Although inserting another stent into the narrowed artery will solve the problem in a short time, some of the vessels will again narrow, explains Yoshihiro Morino, M.D., a research fellow at Stanford University Medical Center, Stanford, Calif.
The question of whether to re-stent or not to re-stent is an ongoing debate, so our study was designed to address this issue, he says.
Led by Peter Fitzgerald, M.D., Ph.D., director of the Cardiovascular Core Analysis Laboratory at Stanford, Morino and his colleagues analyzed 70 cases of in-stent restenosis. Of these, 34 patients received radiation in their re-narrowed arteries, while 36 made up the placebo group and had no radiation. The 34 patients who had irradiated lesions were divided into four groups: old stent not re-stented; old/new stent overlap, new stent only and lesions treated without re-stenting.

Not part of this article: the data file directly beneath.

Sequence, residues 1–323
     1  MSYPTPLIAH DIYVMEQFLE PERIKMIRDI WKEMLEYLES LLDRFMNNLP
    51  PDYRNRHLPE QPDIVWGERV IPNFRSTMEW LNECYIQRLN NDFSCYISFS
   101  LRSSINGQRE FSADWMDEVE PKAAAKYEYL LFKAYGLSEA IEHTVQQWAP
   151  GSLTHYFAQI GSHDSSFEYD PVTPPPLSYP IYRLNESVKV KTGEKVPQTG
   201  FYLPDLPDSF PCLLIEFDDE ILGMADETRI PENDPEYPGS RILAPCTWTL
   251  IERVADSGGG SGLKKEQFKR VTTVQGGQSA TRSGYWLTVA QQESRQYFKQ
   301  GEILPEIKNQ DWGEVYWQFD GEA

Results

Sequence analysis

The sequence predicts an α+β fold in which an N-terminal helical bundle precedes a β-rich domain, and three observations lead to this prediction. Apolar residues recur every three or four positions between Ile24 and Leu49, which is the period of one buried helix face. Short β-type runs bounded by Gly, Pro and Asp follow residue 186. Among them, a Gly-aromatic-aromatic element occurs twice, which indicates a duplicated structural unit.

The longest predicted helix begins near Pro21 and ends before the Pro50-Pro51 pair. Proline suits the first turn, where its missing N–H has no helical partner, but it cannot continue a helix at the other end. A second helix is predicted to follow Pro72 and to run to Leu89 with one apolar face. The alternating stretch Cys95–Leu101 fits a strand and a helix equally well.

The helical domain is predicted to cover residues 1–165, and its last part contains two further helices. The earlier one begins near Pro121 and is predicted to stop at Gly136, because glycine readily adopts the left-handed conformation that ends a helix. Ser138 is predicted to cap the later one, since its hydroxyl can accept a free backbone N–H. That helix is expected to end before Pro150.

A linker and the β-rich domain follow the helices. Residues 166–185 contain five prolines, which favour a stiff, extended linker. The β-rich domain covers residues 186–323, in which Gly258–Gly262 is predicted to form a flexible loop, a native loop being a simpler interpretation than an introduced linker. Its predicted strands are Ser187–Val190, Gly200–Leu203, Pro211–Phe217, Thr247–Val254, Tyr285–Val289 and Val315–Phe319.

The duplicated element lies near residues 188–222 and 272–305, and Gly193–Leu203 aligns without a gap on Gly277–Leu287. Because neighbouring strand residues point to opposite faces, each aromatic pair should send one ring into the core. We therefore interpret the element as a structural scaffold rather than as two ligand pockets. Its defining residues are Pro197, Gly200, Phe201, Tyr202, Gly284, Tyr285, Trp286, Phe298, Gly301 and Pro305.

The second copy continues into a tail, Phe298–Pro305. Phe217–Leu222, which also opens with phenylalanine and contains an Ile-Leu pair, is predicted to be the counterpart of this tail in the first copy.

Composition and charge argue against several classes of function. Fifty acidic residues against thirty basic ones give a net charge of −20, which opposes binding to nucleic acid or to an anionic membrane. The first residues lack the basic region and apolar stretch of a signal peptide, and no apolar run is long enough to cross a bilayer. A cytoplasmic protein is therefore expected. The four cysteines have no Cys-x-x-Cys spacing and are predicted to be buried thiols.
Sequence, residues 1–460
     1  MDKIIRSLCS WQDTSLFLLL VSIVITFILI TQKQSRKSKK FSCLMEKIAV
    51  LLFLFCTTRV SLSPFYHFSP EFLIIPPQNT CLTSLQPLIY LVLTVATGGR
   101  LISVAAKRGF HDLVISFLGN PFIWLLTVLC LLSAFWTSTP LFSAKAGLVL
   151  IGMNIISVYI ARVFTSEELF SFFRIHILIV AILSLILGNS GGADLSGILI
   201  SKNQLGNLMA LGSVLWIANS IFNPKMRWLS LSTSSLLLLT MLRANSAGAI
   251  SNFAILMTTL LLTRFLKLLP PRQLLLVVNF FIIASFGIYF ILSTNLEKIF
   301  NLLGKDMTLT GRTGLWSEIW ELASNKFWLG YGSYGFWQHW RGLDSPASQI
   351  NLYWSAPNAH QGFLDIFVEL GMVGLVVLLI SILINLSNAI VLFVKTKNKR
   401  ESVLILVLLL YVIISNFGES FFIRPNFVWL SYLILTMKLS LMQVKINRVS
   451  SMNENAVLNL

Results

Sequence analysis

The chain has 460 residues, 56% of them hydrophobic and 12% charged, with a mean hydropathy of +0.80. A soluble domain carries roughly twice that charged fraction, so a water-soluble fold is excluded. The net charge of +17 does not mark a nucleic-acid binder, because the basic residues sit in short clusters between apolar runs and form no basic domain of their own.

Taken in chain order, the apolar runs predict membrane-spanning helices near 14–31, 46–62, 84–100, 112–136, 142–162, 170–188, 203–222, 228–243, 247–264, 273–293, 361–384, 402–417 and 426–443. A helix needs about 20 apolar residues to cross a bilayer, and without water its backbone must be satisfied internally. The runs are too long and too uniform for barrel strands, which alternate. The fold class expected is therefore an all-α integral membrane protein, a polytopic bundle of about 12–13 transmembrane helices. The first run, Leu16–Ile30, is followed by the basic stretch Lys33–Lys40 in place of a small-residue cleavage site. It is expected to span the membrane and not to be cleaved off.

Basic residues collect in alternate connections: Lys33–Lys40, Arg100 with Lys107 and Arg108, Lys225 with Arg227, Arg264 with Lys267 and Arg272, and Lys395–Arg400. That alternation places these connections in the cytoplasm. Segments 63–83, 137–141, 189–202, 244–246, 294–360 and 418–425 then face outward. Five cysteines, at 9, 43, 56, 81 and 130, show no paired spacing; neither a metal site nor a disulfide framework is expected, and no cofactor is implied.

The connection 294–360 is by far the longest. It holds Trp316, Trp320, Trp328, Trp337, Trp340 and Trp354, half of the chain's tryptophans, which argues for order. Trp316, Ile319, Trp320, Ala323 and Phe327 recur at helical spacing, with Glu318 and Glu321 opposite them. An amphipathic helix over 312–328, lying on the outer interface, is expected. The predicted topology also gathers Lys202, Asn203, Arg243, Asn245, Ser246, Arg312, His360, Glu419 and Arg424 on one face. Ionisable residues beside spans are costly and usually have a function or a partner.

The researchers analyzed the success of the procedure with volumetric intravascular ultrasound, an imaging technique that allows them to measure the interior dimensions of the artery. The ultrasound examinations were done at the time patients where treated for in-stent restenosis and again six months later. The measurement is called lumen volume index (LVI). Higher LVI means blood flows more easily through the vessel.
In patients treated with radiation, the lumen volume was larger for the re-stented segments than the non-stented. However, at follow-up, researchers found that the lumen volume was similar for the re-stented and the non-restented segments, due to the incre
Contact: Carole Bullock
American Heart Association